Procrastination… Or Lack Thereof.

I usually think one of two things when I decide to go to the gym on my own time or have to go for practice. I either have the I’d-Rather-Lay-In-The-Pile-Of-Snow-Outside-My-Dorm-In-Negative-Twenty-Degree-Weather-Until-I-Freeze thought, or the Hell-Yeah-I’m-Going-To-Break-A-Sweat-And-Get-Jacked thought. Yes, these are two completely opposite outlooks on working out, but thankfully, I almost always end up thinking the latter thought!

As an athlete, I truly do love exercise, especially during one of Dawn’s workouts when I feel like I’m on the verge of death until I realize that I’m actually just in the middle of a circuit that I’m going to be so glad that I completed. Being at the gym almost every day can begin to get repetitive and seem to be some sort of obstruction in my daily agenda. Though it’s a part of my everyday routine, sometimes I wonder if I could just put off a lift until tomorrow or skip the 10 miles on the bike and just get right into a lift circuit instead, but then I stop myself. If I were to put off any portion of my workout for a later date, what would I accomplish besides reaching the status of a serious procrastinator? I would feel guilty, unmotivated, less energized, sluggish, and the list goes on.

During the semester, like all Colby students, my schedule gets very messy, very fast. There are classes, labs, homework, lab reports, work, club meetings, scheduled meetings in general, athletic games and practice, social gathering, getting into the weight room and, of course, sleep has to fit in somewhere. With all of these things having to be organized and planned carefully, there’s no room for procrastination. Nothing would get done, things would be forgotten, and time would be wasted.

When it comes to exercise, I always know that I have to do it, regardless as to how lazy I’m feeling or the endless list of things that I’d rather do. It’s a part of my life. I know that I cannot function well without getting into the gym at least 6 days of the week and that I get jittery when I take that 1 day off. I know that if I skip part of my workout, I probably won’t make it up another day. I know that I will not see results or improvements in my fitness if I don’t put sufficient time in and complete my exercises properly.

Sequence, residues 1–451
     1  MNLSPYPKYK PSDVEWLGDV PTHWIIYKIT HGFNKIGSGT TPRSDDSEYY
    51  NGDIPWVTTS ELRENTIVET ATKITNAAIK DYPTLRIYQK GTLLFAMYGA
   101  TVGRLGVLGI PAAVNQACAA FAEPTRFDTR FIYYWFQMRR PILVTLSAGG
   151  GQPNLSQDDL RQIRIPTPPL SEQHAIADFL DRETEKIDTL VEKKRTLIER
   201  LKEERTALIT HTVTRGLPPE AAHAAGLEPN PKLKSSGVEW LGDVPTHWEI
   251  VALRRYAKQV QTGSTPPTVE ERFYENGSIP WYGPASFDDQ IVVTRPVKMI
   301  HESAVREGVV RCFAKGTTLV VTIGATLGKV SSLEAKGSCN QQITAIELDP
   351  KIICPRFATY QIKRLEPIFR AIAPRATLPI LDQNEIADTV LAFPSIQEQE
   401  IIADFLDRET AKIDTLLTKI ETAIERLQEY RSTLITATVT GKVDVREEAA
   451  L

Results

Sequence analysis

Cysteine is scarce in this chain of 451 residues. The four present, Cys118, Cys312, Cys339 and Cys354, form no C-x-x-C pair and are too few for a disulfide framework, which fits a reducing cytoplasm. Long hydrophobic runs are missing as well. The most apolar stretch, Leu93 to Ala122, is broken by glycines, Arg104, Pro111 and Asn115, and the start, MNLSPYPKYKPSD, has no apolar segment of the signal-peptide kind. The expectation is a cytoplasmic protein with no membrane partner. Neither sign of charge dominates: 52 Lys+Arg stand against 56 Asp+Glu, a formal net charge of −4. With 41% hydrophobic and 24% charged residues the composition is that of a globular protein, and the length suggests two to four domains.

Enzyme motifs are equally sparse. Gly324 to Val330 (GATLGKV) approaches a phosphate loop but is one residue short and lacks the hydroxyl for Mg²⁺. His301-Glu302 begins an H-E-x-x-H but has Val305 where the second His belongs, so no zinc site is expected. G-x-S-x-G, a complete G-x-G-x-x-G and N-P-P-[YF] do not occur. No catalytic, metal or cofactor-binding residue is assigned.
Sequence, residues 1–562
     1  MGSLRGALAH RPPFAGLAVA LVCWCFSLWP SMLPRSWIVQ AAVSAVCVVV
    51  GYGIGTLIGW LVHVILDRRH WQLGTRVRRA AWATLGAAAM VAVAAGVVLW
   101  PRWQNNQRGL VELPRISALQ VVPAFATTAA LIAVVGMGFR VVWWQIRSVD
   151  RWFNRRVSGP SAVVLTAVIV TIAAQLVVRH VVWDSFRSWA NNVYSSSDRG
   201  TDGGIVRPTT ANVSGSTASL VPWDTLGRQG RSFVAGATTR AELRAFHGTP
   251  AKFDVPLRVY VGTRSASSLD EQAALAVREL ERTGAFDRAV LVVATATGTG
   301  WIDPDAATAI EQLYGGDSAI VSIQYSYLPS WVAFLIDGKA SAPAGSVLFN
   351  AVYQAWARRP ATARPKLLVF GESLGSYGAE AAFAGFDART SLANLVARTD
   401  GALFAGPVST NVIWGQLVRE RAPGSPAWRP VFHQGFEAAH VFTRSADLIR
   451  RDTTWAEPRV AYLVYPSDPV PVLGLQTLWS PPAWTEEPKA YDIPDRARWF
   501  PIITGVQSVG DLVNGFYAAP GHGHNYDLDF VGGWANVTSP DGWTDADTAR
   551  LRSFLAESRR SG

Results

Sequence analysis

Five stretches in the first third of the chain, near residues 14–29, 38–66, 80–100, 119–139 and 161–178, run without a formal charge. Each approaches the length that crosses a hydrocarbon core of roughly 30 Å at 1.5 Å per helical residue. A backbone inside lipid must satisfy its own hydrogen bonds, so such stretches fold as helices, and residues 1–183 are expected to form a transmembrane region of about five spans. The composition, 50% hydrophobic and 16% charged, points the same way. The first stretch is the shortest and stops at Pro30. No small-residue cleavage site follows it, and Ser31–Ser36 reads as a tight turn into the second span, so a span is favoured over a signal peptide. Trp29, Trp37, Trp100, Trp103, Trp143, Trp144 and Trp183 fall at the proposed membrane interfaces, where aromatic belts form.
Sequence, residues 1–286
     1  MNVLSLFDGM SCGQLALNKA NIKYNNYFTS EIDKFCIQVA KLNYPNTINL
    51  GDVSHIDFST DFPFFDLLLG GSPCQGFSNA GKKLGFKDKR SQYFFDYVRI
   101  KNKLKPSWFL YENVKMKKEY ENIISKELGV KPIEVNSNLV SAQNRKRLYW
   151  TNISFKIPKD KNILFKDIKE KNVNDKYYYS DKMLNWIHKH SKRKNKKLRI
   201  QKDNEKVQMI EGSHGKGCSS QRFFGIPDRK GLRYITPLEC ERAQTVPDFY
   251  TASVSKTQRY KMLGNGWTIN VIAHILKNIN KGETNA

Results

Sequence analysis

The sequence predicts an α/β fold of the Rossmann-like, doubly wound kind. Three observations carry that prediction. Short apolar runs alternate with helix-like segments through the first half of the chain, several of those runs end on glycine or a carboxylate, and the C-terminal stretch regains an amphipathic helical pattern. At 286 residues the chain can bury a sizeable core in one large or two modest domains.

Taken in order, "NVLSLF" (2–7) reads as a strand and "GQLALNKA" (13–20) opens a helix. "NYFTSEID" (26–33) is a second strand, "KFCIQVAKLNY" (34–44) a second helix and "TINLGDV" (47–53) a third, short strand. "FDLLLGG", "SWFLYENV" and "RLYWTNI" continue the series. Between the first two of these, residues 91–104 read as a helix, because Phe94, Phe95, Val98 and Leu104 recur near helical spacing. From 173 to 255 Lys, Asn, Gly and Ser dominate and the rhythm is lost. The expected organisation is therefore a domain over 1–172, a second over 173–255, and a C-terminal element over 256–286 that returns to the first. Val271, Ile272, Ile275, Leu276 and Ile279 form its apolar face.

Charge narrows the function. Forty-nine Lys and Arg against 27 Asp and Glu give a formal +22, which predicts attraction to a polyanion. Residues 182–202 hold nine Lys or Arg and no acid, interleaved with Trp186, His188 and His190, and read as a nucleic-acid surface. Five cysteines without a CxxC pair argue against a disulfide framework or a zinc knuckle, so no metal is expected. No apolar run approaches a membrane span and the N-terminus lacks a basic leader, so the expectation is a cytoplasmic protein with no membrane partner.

I’m not one to make a big deal out of new year’s resolutions, but an attainable resolution for me would be to simply enjoy the time that I spend exercising more and to not see it as the least exciting part of my day. It really is necessary to be proactive and approach all activities with a positive “can do” attitude because we’ll get much more out of them if we do. Procrastination allows for the build up of negativity and unneeded stress, neither of which I would like to have! Charles Dickens gave great advice when he said, “never do tomorrow what you can do today. Procrastination is the thief of time.” So, even when no part of your body wants to motivate itself to get down to the gym, go anyways. You’ll be glad you did.

 

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1 Response to Procrastination… Or Lack Thereof.

  1. No eggs says:

    Could agree more. I love exercising and working out, but sometimes I think my body forgets that. And it usually forgets at the worst times, such as when I’m walking out of my dorm to head to the athletic center, or when I’m half way through a workout. I think you hit the nail on the head when you said, “I truly do love exercise, especially during one of Dawn’s workouts when I feel like I’m on the verge of death until I realize that I’m actually just in the middle of a circuit that I’m going to be so glad that I completed.” Even if it’s not a Dawn workout, it’s easy to feel ‘on the verge of death’ during a workout, only to remember how good it feels to finish. That’s the thought that carries me through entire workouts on some days. There’s nothing more motivating during a hard workout than the thought that eventually, you’ll be done.

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